The implementation of MPA’s will only protect the specific area if the problems have been caused by poor fisheries management or physical destruction of habitat. Both of these causes can be addressed without the creation of an MPA. The MPA will almost certainly displace the fishing effort from that particular area to the surrounding areas or, at least, some other area – putting these other places under even more pressure (same amount of fishing but less area available in which to do it). The likely outcome is a desert-oasis scenario where we have small areas of high biodiversity surrounded by large barren areas of low biodiversity. Why can’t we care about the whole marine environment rather than just these small designated MPA’s? Of course if the problems are caused by environmental issues (e.g. run-off from land), there will be almost no benefit to the biodiversity within the MPA as the cause hasn’t been addressed at all.

We believe that MPA’s do have a place in the marine environment but that they should be limited to reasonably accessible areas and only used for education, scientific study, or tourism in a broad sense. If MPA’s are proposed to fix perceived problems in an area or with a particular species, we have failed in establishing the cause and we need to make the effort to find out what it is that is actually causing the problem.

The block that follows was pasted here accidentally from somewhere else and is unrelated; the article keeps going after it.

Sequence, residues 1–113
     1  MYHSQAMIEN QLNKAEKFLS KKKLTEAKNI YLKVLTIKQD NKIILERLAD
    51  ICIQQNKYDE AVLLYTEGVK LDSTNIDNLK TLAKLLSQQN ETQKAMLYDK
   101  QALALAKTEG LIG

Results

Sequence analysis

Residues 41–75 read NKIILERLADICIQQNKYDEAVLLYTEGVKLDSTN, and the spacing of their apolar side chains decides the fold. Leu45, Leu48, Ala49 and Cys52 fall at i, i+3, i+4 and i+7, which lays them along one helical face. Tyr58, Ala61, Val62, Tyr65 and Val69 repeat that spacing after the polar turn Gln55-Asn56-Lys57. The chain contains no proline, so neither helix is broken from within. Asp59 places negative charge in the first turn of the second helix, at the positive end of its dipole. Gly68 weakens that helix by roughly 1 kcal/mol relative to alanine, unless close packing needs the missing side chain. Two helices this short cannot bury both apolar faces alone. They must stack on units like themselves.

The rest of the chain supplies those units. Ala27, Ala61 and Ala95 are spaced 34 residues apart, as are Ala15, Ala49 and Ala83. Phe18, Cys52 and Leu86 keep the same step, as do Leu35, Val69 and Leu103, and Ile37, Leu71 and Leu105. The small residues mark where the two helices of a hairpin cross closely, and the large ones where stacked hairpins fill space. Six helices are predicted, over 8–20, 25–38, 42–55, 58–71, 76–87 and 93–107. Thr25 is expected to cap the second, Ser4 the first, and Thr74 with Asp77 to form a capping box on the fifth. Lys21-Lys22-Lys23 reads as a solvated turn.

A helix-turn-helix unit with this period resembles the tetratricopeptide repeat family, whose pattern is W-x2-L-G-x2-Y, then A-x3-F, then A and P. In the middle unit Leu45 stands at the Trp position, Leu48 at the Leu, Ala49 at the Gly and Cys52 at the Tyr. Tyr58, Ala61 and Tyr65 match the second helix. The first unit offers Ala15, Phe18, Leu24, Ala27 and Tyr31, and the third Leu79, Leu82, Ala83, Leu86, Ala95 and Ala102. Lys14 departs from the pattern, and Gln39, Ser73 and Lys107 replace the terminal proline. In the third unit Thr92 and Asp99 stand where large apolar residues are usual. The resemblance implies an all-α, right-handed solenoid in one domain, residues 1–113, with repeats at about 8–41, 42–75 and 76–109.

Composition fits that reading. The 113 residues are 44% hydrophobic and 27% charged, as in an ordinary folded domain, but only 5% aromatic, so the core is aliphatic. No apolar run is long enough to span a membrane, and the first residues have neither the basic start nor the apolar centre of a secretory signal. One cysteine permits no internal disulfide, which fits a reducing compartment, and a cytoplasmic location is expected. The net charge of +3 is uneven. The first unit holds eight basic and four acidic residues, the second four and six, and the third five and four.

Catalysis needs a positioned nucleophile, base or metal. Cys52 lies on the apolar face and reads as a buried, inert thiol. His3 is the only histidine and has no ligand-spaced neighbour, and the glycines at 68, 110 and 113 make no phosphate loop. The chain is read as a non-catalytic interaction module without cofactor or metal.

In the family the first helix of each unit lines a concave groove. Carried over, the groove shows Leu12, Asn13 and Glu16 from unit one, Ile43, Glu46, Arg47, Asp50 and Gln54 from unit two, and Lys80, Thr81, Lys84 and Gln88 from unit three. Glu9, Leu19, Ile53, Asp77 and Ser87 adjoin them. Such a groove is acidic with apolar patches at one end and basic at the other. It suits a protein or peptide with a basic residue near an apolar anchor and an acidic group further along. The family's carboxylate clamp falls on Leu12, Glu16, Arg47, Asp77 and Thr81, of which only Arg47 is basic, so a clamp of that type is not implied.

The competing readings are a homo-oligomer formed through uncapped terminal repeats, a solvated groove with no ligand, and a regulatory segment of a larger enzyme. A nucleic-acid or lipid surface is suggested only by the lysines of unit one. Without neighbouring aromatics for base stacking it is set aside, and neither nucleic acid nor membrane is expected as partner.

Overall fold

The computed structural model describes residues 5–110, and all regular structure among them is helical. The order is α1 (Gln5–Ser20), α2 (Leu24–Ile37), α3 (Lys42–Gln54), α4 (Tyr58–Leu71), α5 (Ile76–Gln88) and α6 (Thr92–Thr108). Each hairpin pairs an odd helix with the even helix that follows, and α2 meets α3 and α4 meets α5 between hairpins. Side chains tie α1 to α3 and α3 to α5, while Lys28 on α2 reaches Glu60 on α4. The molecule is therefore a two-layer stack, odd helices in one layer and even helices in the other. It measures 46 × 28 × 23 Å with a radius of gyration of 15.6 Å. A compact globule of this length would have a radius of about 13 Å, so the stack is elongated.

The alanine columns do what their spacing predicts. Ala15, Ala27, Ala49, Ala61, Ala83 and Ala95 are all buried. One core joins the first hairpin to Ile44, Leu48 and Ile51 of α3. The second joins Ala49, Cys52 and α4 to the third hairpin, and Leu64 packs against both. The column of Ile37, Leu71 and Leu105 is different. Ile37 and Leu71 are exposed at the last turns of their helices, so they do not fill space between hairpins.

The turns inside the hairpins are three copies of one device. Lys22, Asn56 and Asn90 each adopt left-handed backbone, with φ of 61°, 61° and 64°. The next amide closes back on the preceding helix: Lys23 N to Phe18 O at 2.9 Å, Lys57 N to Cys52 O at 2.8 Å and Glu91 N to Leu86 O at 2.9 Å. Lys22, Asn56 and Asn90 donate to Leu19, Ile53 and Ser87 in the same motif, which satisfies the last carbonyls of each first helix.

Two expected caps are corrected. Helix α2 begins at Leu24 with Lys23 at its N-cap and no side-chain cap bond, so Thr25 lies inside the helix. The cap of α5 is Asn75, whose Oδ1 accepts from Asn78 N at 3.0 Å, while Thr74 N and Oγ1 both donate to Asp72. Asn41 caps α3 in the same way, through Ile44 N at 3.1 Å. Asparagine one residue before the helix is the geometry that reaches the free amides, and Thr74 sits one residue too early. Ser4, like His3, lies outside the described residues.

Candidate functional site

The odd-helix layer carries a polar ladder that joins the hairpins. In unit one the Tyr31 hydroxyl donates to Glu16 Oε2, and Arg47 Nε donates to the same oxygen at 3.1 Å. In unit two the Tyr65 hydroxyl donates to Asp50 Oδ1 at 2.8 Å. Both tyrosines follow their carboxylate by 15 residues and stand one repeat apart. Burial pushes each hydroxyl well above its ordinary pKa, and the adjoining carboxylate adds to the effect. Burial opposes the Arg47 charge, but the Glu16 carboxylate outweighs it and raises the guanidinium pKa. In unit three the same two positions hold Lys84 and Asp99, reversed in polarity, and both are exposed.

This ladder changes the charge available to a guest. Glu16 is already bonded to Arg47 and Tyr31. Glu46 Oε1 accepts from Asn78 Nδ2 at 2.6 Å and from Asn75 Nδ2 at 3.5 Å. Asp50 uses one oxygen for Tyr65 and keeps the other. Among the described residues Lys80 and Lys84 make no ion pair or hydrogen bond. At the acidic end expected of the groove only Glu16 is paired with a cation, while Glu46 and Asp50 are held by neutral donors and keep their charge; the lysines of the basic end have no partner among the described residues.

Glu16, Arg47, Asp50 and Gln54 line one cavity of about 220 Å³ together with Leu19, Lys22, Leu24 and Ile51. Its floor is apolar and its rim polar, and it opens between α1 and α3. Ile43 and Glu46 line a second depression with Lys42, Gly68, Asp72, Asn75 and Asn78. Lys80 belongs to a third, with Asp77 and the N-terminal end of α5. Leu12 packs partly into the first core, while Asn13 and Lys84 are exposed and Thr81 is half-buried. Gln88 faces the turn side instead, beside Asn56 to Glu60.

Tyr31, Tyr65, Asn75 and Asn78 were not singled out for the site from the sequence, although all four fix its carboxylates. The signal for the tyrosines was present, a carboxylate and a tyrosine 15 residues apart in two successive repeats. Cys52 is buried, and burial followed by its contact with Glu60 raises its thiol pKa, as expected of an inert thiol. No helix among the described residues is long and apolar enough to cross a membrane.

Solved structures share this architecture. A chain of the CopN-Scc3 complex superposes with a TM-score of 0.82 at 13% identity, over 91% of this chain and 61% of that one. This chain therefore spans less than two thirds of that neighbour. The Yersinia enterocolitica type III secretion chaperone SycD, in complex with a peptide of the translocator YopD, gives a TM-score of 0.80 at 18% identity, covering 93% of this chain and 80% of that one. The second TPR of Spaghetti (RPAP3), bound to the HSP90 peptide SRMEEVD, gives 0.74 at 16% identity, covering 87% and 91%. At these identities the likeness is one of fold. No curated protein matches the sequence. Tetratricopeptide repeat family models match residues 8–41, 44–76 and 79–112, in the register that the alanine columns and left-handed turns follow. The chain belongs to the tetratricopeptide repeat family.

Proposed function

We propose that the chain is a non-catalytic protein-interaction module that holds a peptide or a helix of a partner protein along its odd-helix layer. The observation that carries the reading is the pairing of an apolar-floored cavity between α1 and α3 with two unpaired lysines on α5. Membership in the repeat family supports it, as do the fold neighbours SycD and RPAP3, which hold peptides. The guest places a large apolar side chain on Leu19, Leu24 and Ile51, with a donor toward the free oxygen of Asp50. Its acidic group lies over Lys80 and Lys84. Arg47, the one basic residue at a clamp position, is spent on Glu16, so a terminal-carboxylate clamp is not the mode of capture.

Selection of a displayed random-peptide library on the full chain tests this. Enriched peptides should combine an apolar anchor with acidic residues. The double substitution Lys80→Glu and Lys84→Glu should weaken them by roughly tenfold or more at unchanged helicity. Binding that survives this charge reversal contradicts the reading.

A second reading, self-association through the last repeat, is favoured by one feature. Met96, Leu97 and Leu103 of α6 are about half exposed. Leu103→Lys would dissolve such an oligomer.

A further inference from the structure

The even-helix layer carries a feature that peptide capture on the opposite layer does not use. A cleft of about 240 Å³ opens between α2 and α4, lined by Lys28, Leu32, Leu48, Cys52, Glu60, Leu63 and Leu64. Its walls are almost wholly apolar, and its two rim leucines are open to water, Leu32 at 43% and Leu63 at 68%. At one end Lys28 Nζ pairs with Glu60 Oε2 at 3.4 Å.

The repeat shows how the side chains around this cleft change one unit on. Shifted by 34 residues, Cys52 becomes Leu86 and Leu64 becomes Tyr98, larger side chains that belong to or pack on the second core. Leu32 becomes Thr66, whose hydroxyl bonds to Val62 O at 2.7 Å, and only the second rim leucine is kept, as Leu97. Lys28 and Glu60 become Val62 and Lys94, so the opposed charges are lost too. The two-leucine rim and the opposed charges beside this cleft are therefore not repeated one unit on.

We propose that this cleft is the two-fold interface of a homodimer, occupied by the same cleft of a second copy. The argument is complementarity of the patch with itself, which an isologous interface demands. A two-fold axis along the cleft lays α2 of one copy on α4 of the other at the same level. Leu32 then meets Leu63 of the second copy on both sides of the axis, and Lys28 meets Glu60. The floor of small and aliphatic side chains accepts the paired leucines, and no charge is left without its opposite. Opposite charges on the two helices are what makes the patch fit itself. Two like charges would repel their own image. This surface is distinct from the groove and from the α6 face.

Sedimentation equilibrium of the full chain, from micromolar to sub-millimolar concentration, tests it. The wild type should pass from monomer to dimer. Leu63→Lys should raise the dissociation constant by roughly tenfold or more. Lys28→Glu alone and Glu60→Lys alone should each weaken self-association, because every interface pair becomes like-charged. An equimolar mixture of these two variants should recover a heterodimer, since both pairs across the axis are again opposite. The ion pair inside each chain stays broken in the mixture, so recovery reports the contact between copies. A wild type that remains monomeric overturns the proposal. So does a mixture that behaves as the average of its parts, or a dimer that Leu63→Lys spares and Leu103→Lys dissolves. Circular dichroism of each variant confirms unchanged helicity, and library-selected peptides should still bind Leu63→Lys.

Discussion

There has been recent discussion, led by Waikato Regional Council (WRC), to identify areas that should be effectively turned into MPA’s using the Resource Management Act. We are totally opposed to this random allocation of areas to be declared ‘off limits’, which will deeply affect the ability of members of our community to catch fish to feed their families, and will definitely flow through to affect the economies of the many coastal townships around the Waikato.

We believe that if WRC is genuinely concerned about the biodiversity in some parts of the marine space, that they should use their resources to establish what is causing the reduction in marine biodiversity in that area and actually fix the problem rather than moving it to another area by placing some marine areas ‘off limits’.

Be assured that the vast majority of recreational fishers are extremely interested in preserving and increasing marine biodiversity but we absolutely disagree that using such a blunt instrument as a Marine Protected Area is the best option and that other tools should be used to provide for a better outcome.